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Trailheads Walk With Snakes And Run The Stroller Races Before Inhaling SmokehouseQ.

Updated: Apr 27

At long last, we almost assembled an entire team of Trailheads. However, George is babying a nasty bruise he received when gravity got the better of him on a walk and knocked him down.


As if that weren’t enough, he’s also busy in movie production mode. We imagine him in his tall canvas director’s chair, chomping on a Cuban cigar, a glass of Pinot Noir in hand, bullying the writer (himself), and threatening to “shut this whole damn picture down if people don’t get in line toot sweet.” He now demands we call him Mr. Producer and never approach without a fresh Vente, non-fat, quad-shot latte.


As Mr. Hollywood worked in the greasepaint arts, Guy, Steve, Brad, Roy, and Patrick rallied to our endless pursuit on the path to truth and barbecue. Because Roy is still battling a respiratory ailment, Trail Master took pity and selected Willeo Park Boardwalk for our weekly hike. But was it a hike or a walk? You decide.


The journey begins from a parking lot to a sidewalk and then to a lovely boardwalk that winds through pretty woods and over water, then to another sidewalk leading to another long boardwalk.

Four of us wore sneakers (Roy, as usual, was the most fashionable with a pair of bright white New Balances), but Steve wore his trusty Merrill Moab 2 hiking boots. No walking sticks appeared for this expedition.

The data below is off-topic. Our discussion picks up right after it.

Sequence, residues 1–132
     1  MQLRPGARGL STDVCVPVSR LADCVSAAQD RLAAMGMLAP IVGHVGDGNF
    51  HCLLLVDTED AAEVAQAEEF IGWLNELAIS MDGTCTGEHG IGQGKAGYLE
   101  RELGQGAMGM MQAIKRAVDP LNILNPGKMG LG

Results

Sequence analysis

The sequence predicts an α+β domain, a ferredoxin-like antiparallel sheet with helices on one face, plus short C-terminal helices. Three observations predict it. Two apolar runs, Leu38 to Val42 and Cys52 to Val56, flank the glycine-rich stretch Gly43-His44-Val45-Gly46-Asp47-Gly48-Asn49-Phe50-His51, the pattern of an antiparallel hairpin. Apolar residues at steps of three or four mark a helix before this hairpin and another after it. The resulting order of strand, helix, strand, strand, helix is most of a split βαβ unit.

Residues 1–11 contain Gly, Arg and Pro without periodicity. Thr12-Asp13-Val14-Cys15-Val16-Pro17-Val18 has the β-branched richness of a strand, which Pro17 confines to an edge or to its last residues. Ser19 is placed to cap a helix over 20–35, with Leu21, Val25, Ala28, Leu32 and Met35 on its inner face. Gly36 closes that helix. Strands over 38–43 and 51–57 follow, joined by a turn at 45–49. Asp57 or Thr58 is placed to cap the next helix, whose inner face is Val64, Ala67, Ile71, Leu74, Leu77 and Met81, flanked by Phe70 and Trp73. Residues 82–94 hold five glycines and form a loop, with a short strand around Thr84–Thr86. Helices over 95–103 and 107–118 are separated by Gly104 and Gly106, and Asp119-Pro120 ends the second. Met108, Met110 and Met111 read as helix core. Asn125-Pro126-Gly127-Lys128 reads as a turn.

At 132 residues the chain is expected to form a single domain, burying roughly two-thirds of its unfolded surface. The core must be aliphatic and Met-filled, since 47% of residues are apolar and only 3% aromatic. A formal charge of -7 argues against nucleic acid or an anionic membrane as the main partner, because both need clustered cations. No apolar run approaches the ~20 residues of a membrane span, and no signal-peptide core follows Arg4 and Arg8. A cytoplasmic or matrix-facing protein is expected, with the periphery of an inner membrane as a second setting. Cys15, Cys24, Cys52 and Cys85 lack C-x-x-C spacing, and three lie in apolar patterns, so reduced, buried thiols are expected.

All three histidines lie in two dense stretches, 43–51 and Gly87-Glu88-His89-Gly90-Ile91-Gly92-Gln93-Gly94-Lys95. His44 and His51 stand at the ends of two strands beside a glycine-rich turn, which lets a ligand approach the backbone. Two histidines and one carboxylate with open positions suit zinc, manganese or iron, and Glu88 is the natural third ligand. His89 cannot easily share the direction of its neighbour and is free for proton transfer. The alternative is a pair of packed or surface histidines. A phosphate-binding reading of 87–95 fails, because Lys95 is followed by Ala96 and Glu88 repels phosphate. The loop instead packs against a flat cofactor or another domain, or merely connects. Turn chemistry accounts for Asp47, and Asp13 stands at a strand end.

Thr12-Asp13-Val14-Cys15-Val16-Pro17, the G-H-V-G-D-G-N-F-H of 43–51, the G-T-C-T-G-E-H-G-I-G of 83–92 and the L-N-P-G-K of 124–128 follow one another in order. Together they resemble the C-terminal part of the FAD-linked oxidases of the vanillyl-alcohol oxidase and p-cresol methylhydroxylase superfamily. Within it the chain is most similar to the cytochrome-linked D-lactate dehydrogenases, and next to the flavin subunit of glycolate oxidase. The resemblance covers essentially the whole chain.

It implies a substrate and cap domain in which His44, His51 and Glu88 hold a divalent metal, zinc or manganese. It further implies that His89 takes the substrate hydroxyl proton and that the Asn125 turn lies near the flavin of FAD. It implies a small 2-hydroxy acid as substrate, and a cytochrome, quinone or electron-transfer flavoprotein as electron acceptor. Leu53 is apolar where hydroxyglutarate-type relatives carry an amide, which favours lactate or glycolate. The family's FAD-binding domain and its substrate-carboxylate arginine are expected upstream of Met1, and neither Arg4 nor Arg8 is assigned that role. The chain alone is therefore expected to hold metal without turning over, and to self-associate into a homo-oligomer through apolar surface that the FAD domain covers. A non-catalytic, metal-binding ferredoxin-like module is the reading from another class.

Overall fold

Those who say it was a hike use the logic that it’s officially listed on AllTrails, which is a hiking site. Case closed. But the counterargument is there are no exposed roots, rocks, dirt, or mud to contend with. Case opened. Even still, we demonstrated incredible endurance, scaling an impressive 23 feet of elevation on the whatever it was. Yet, amazingly, none of us suffered nosebleeds from the extreme altitude changes.


As we began our “hike,” we went past a group of women doing something called Boot Camp. This is a ruse where people pay money, and someone commands them to do exercises designed to make participants sweat. Wait––people spend cash to sweat in Georgia? What’s next––paying money to inhale pollen?


Trail Master Guy also served as tour master since he came to this area six times a week when his daughter Allie did competitive rowing in high school. Her team practiced on the beautiful Chattahoochee River. Rowers will tell you that a large body of water comes in handy for that sport. The river is wet, pretty, and flat, and rowers apparently like that.

We wonder if condemned men forced to row in galley ships paid for their oar exercise program. 

“Come on, guys,” the galley boss would shout while beating the drum. “Give 110%. Feel the burn. That’s it, fellas––remember, the burn tempers steel! Let’s get ripped!!!”

Then, the Euro dance beats would pick up speed with intensity and volume, and the rowers kicked it into high gear.


As we walked along the busy road, Guy proudly pointed out a metal post with various tools for bicyclists to keep their two wheels in prime cycling condition, complete with an air pump. He is a cyclist and was excited about this convenience station.

We suppressed yawns and walked on, saying, “Yeah, yeah––that’s great, Guy. Amazing.” We wondered how they knew bikes would break down right here. Is this the designated bike breakdown spot?


We came upon the area where the Union Army crossed the Hooch at Shallow Ford during the Civil War. The Roswell Battalion had burned the bridge as a practical joke (they had also strategically placed whoopee cushions on the riverbank).